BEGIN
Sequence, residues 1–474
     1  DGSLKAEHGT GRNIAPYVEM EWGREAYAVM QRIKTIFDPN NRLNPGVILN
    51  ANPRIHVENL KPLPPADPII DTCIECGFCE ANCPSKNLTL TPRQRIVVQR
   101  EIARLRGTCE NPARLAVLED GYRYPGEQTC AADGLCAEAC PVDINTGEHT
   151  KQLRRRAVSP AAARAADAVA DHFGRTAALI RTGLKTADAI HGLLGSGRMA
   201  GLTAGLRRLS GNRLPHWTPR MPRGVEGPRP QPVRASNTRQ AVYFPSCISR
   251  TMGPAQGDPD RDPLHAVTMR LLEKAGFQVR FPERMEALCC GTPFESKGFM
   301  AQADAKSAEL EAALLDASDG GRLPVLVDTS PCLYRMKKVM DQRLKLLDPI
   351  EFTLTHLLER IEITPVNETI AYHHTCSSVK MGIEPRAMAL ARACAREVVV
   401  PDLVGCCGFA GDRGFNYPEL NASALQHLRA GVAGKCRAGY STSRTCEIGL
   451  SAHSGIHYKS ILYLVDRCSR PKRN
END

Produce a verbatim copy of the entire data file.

Sequence, residues 1–474
     1  DGSLKAEHGT GRNIAPYVEM EWGREAYAVM QRIKTIFDPN NRLNPGVILN
    51  ANPRIHVENL KPLPPADPII DTCIECGFCE ANCPSKNLTL TPRQRIVVQR
   101  EIARLRGTCE NPARLAVLED GYRYPGEQTC AADGLCAEAC PVDINTGEHT
   151  KQLRRRAVSP AAARAADAVA DHFGRTAALI RTGLKTADAI HGLLGSGRMA
   201  GLTAGLRRLS GNRLPHWTPR MPRGVEGPRP QPVRASNTRQ AVYFPSCISR
   251  TMGPAQGDPD RDPLHAVTMR LLEKAGFQVR FPERMEALCC GTPFESKGFM
   301  AQADAKSAEL EAALLDASDG GRLPVLVDTS PCLYRMKKVM DQRLKLLDPI
   351  EFTLTHLLER IEITPVNETI AYHHTCSSVK MGIEPRAMAL ARACAREVVV
   401  PDLVGCCGFA GDRGFNYPEL NASALQHLRA GVAGKCRAGY STSRTCEIGL
   451  SAHSGIHYKS ILYLVDRCSR PKRN